I have some trouble understanding the RegionPlot command. I have defined the following input


volume[R_, d_] := Pi R^2 d

atomNumber[R_, d_, n_] := 2*n*volume[R, d]

\[Gamma]Fn[x_] := 
 2/x^2 (1 - Exp[-x^2] (BesselI[0, x^2] + BesselI[1, x^2]))

\[Eta]Eval[\[Lambda]_, d_, R_, rc_, n_] := 
 UnitConvert[\[Lambda]*((atomNumber[R, d, n])^2/d^2) \[Gamma]Fn[
    R/(Sqrt[2] rc)] (1 - Exp[-d^2/(4*rc^2)])]

\[Del]Fn[\[Omega]_, m_] := 

coherence[\[Omega]_, d_, R_, rc_, \[Lambda]_, n_, T_, m_] := 
  4*\[Eta]Eval[\[Lambda], d, R, rc, n]*T*(\[Del]Fn[\[Omega], m])^2]

with units

Subscript[m, 0] = Quantity[1, "AtomicMassUnit"]
R = Quantity[3.6, "Micrometers"]
d = Quantity[0.25, "Millimeters"]
n = Quantity[176.2 * 10^(27), "Meters"^(-3)]
rc = Quantity[10^(-7), "Meters"]
\[Lambda] = Quantity[10^(-17), "Seconds"^(-1)]
T = Quantity[350, "Femtoseconds"]
m = Quantity[6, "AtomicMassUnit"]
\[Omega]Paper = Quantity[40, "Terahertz"]

When I evaluate my functions separately, everything works as intended:

coherence[\[Omega]Paper, d, R, rc, \[Lambda], n, T, m]
Out: 2.28009*10^-15

coherence[\[Omega]Paper, d, R, rc, \[Lambda], n, T, m] < 1
Out: True

I want to evaluate the above inequality for a range of values for $(\lambda, r_c)$. So: Define an input range for $\lambda$ and for $r_c$ $\Rightarrow$ evaluate coherence(input) < 1 $\Rightarrow$ plot all points $(\lambda, r_c)$ for which this is true.

For that, I use the following RegionPlot command:

 Evaluate[coherence[\[Omega]Paper Quantity[40, "Terahertz"], 
    d Quantity[1/4, "Millimeters"], R Quantity[18/5, "Micrometers"], 
    rc, \[Lambda], n Quantity[1762*10^(26), "Meters"^(-3)], 
    T Quantity[350, "Femtoseconds"], 
    m Quantity[6, "AtomicMassUnit"]] < 1], {rc, 
  Quantity[10^-9, "Meters"], Quantity[10^-1, "Meters"]}, {\[Lambda], 
  Quantity[10^-10, ("Seconds")^-1], Quantity[10^-1, ("Seconds")^-1]}]

However, the code doesn't even run and the notebook stops after a while. What is the issue with this code?

My thoughts:

  • the numbers are too small (I can't change the numbers -> are there alternative programs to plot?)
  • there is some issue with my Mathematica version strong text
  • 1
    $\begingroup$ On my machine, v12.2Win7-x64, the RegionPlot command results in a kernel crash. $\endgroup$
    – Syed
    Commented Apr 25, 2022 at 7:28
  • $\begingroup$ Ok but why? As outlined, when I evaluate the functions separately, everything works as intended. What other sites can I consult? Are there alternatives? $\endgroup$ Commented Apr 25, 2022 at 7:38
  • $\begingroup$ @Syed Put differently: Is there a way to define only certain tuples as input? So instead of plotting the full range, I only want to plot 10 values of $\lambda$: $10^{-n}$ for $n \in \{0, 1, ..., 10\}$ $\endgroup$ Commented Apr 25, 2022 at 8:14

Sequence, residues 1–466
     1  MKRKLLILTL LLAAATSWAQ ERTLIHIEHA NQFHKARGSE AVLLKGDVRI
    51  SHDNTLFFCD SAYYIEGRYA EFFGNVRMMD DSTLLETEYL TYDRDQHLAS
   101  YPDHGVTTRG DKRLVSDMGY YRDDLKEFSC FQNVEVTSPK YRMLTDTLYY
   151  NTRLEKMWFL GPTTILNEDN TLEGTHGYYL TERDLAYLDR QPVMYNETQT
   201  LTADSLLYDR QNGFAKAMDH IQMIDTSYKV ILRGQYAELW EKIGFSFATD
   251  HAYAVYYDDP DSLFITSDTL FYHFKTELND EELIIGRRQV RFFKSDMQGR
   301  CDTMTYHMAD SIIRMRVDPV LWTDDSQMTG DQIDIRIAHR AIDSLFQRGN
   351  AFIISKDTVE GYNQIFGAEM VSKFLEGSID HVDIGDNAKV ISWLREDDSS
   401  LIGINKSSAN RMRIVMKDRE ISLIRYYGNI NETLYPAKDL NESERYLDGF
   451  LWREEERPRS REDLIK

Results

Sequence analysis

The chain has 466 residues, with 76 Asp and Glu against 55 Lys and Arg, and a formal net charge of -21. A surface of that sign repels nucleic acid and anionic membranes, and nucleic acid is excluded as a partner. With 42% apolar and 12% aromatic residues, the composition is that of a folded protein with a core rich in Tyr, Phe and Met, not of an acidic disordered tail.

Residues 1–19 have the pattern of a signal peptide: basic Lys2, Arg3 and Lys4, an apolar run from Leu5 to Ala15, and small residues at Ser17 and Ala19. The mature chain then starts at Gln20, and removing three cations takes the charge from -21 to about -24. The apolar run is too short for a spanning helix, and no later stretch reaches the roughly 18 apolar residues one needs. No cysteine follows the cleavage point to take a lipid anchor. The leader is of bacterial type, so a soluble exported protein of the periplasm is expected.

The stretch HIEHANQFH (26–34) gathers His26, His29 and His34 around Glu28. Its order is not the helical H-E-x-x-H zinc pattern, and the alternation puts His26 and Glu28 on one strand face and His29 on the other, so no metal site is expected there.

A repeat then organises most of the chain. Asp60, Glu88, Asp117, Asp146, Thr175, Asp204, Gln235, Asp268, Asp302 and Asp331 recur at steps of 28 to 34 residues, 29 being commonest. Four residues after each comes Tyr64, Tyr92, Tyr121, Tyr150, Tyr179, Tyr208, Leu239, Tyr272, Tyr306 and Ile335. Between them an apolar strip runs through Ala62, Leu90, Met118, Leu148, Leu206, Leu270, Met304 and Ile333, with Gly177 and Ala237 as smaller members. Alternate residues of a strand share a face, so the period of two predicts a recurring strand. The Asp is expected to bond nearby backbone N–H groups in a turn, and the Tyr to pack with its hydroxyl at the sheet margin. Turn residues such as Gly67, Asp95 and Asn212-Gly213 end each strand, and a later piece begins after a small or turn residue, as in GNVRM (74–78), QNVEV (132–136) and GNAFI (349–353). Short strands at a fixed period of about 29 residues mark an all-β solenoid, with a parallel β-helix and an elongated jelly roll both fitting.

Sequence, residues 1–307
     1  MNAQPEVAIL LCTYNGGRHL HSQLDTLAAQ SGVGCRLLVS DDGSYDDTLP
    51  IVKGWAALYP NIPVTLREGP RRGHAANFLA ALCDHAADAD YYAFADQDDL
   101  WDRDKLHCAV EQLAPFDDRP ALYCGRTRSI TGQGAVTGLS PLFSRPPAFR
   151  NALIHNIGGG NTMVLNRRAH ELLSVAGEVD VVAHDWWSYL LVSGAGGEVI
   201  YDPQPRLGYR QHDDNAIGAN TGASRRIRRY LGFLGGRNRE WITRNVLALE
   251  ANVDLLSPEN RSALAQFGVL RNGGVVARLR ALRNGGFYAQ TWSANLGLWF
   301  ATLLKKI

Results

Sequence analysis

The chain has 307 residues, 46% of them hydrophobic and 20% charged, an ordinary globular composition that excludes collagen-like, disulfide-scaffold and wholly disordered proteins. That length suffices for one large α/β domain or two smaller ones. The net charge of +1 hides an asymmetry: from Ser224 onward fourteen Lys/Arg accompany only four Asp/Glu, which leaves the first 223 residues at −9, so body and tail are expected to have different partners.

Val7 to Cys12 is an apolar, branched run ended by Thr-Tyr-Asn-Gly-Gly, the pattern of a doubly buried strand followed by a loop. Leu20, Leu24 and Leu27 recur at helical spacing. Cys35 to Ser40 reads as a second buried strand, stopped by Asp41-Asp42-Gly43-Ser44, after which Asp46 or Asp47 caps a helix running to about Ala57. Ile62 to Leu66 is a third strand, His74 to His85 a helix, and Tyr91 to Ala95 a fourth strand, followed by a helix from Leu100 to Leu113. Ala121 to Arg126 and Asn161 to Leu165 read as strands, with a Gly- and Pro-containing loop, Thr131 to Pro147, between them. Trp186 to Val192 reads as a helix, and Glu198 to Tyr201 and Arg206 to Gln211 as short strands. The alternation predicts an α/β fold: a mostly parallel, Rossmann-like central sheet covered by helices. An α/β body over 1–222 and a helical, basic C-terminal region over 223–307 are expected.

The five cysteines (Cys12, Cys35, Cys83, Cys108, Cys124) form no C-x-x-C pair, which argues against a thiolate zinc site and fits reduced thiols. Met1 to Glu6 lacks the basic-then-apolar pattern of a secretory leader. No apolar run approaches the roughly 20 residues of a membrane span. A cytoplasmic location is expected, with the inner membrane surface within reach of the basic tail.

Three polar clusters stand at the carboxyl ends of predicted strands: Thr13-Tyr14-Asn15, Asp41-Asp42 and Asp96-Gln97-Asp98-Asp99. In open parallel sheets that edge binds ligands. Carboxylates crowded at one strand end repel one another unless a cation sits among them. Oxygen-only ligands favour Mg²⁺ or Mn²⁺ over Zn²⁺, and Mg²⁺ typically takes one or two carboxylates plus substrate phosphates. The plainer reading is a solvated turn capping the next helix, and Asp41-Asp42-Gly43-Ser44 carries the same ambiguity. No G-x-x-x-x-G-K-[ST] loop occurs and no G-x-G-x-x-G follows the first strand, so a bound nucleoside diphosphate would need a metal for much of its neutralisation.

1 Answer 1


This is a workaround that at least produces output. It produces a few error messages and took almost 1 minute to calculate, but it may be useful as a starting point. Note that the scale is log-log.

$Version  (*  12.1.0 for Linux x86 (64-bit) (March 14, 2020)  *)

RegionPlot[coherence[ωPaper, d, R,
    10^logrc  Quantity["Meters"],
    10^logλ  Quantity["Seconds"^-1],
    n, T , m ] < 1,
  {logrc, -9, -1},
  {logλ, -10, -1}] // Quiet

enter image description here

All error messages have been suppressed. They are underflows caused by evaluating Exp with a large negative argument. This is considered benign, since the exponential is subtracted from 1.

Another way to visualize the region by plotting the coherence as a 3D surface. An array of about 1000 data points will produce a sufficiently smooth surface. The data points can be generated and plotted like this

data = Flatten[
    Table[{logrc, log\[Lambda], coherence[\[Omega]Paper, d, R,
       10^logrc  Quantity["Meters"],
       10^log\[Lambda]  Quantity["Seconds"^-1],
       n, T , m ]},
     {logrc, -9, -1, .2},
     {log\[Lambda], -6, -1, .2}], 1]; // Quiet

ListPlot3D[data, PlotRange -> {All, All, {0, 1}}]

enter image description here

This plot has been cut off at z=1 in order to visualize the boundary for which coherence == 1.

The logarithmic scales in the above plots may be misleading. A linear plot, such as the one below, shows that the surface is much steeper for small values of rc than it is for the larger values. The following plot is coherence vs rc for $\lambda = 0.00002/\text{sec}$

data2 = Table[{10^logrc, coherence[\[Omega]Paper, d, R,
      10^logrc  Quantity["Meters"],
      2*^-5 /Quantity["Seconds"],
      n, T , m ]},
    {logrc, -8, -3, 0.025}]; // Quiet
ListLinePlot[data2, FrameLabel -> {"rc"}]

enter image description here

  • $\begingroup$ Thanks. Upon reflection, I think I don't need to plot the full range of points to get some output. Is there a way to A) define e.g. 100 input tuples and B) evaluate the inequality for those 100 input tuples? $\endgroup$ Commented Apr 25, 2022 at 8:19
  • 1
    $\begingroup$ @LionCereals When I get a blank plot I will often change the plot command to Table so I can see the what is really going on. I did that on this one, to sort the units problem. I'll add an example of using Table to my answer. Thanks for accepting my answer, but accepting my workaround may discourage another who has the real answer. Feel free to un-accept this workaround and wait to see if you get some really good answers. $\endgroup$
    – LouisB
    Commented Apr 25, 2022 at 8:49

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